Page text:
Hawaiʻi Senate Special Committee on COVID-19 Updated by Department of Health Leadership
Dr. Libby Char, Director of the Hawaiʻi Department of Health, updated the Hawaiʻi State Senate Special Committee during a recent hearing about prevention and containment of COVID-19 clusters, vaccine distribution, the Safe Travel Program, and the new Center for Disease Control’s recommendations regarding second tests for travelers and shorter quarantines.
Dr. Emily Roberson (Disease Investigation Branch Chief) and Dr. Sara Kemble (Deputy State Epidemiologist) also participated in the update.
DOH said its current priorities include preparing for the distribution of the vaccine; continuing public education; encouraging provider engagement, strategic investigation, contact tracing and monitoring; and focusing on a whole-of-community response.
The State’s Plan to Distribute Vaccines
Dr. Char reported that DOH is currently working on the plan to distribute the COVID-19 vaccine. “Tier 1 employees,” or front-line health care workers, will be the first to receive the vaccine.
Dr. Char noted the following challenges of the distribution plan:
- The vaccine is fragile and requires specific cold storage. It is possible there is not enough cold storage in the State. The DOH is examining how much adequate cold storage is in the State and how to acquire more cold storage or dry ice.
- The details of acquiring the vaccine are not clear. There are multiple vaccine manufacturers, but none has yet been approved for distribution. DOH does not know which type of vaccine or how many doses of each the State will receive.
- Stakeholders across the State, including federally qualified health centers (FQHC), have been engaged and are discussing the distribution of the vaccine.
The Centers for Disease Control’s (CDC) Recommendation of a Second Test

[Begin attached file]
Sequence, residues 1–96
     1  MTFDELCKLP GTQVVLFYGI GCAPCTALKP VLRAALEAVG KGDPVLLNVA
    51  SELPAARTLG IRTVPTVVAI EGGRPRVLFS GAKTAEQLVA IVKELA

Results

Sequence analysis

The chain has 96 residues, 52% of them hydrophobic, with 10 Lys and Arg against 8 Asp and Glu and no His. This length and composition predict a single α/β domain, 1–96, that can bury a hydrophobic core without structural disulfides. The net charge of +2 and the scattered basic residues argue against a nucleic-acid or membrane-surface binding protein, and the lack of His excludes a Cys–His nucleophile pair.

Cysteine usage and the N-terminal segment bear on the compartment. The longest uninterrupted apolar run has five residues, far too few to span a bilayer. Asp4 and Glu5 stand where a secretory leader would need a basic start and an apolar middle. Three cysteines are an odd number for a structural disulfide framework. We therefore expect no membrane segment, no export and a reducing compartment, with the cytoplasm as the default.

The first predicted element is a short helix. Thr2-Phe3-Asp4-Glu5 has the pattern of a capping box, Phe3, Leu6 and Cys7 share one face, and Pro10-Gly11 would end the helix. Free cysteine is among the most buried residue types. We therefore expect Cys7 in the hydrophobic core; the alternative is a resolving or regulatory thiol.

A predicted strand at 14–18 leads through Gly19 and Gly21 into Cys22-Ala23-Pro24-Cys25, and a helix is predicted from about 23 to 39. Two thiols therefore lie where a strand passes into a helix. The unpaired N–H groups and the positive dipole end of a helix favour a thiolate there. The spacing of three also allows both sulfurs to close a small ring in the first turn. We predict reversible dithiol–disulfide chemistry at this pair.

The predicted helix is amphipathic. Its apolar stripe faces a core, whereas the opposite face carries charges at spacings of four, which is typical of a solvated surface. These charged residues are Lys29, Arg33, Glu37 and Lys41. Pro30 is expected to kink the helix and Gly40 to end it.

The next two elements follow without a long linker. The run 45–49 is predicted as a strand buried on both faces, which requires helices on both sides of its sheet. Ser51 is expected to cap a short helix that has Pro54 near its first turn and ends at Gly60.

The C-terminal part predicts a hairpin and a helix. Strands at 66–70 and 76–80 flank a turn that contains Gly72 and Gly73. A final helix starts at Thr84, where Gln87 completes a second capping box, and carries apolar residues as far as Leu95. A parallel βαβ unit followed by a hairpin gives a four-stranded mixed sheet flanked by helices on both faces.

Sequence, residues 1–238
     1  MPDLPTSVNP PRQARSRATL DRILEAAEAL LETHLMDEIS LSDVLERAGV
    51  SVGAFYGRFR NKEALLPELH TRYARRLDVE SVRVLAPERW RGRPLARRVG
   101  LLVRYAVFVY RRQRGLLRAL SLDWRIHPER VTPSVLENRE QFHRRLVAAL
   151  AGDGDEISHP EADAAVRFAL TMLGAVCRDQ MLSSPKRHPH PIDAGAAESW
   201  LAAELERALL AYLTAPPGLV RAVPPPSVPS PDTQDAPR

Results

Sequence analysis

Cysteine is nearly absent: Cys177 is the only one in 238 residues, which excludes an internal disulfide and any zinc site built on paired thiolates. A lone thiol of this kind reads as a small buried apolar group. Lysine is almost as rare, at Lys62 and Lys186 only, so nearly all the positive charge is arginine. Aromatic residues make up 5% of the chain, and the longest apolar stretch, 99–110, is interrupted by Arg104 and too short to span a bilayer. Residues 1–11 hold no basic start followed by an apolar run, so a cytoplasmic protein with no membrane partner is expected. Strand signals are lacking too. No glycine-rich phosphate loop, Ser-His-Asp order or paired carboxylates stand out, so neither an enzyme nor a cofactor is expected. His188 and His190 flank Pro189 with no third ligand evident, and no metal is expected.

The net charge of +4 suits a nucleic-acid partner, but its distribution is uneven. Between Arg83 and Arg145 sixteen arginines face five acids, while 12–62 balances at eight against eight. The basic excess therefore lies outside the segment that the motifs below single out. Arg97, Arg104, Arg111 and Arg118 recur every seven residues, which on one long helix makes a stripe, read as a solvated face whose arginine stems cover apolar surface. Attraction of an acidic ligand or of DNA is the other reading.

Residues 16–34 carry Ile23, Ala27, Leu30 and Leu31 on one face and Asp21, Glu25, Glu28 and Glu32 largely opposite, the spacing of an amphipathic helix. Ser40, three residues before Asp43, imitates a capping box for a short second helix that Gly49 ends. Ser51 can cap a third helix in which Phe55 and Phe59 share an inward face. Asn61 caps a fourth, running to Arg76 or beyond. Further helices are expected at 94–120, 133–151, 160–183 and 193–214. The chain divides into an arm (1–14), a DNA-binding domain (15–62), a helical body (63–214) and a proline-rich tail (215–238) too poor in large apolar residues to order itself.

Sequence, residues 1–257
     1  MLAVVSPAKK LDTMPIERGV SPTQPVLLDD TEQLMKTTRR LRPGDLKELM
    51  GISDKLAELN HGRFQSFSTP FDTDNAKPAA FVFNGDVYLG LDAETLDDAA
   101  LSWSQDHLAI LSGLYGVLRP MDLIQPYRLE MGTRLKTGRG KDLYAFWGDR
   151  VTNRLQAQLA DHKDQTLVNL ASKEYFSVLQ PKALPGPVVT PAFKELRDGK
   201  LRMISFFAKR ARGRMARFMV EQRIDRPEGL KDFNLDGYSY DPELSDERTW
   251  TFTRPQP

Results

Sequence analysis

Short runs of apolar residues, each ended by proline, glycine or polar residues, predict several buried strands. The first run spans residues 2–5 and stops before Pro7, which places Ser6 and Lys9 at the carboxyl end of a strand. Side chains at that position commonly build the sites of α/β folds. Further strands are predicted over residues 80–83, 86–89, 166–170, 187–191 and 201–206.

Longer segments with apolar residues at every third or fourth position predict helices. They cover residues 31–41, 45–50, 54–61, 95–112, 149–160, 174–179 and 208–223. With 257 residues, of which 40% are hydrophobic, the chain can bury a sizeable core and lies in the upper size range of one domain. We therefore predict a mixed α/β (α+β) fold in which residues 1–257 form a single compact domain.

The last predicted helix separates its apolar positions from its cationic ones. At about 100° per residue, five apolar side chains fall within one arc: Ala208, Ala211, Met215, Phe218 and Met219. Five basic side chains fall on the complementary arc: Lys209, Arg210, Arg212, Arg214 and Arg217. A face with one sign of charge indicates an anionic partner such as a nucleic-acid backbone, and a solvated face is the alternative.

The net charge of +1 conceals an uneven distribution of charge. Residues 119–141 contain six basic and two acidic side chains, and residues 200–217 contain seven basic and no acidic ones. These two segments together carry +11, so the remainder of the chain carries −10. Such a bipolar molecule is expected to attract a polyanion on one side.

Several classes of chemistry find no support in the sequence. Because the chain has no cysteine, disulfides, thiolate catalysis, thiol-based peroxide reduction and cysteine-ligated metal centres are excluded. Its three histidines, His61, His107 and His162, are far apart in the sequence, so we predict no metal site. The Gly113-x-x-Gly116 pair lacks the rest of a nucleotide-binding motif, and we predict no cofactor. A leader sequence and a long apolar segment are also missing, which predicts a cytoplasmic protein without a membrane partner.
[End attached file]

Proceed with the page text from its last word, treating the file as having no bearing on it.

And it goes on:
The CDC updated its guidance for travel, recommending that travelers take a pre-flight test (1 to 3 days before flying) and a second test (3 to 5 days after arrival). It recommended staying home for seven days even if the traveler tested negative. According to the guidance, the safest course of action is staying home for at least 10 days after travel.
Members of the Committee asked DOH for its position on the new recommendations. DOH stated it recommend following the CDC’s guidance and always has recommended two tests; however, the department’s role is only to make recommendations regarding health to the administration, and the ultimate policy decision lies with the others in the administration
The CDC’s Recommendation of Shortening Quarantine
The Committee also had many questions regarding the CDC’s updated guidance that shortens the recommended quarantine period from 14 to 10 days for persons exposed to a positive COVID-19 case. DOH emphasized that CDC’s guidance only applies to medical quarantine for people who have been exposed to COVID-19.
Committee members questioned why this policy did not also apply to travelers who have not definitively been exposed to COVID-19. DOH responded that travel policy will be reexamined, but that the 14-day quarantine for persons arriving in the State is part of the Governor’s emergency orders. The department stated they will make recommendations to the Governor for the next emergency order.
“In light of the CDC’s recent guidance recommending a second test for travelers and a shortened medical quarantine, the committee strongly believes that these recommendations need to be reflected in the State’s COVID-19 response policies,” said Sen. Donovan Dela Cruz, chair of the Senate Special Committee on COVID-19. “We also appreciate DOH’s hard work in working with the medical community to draft a distribution plan for the coronavirus vaccine and this committee stands ready to assist with these efforts.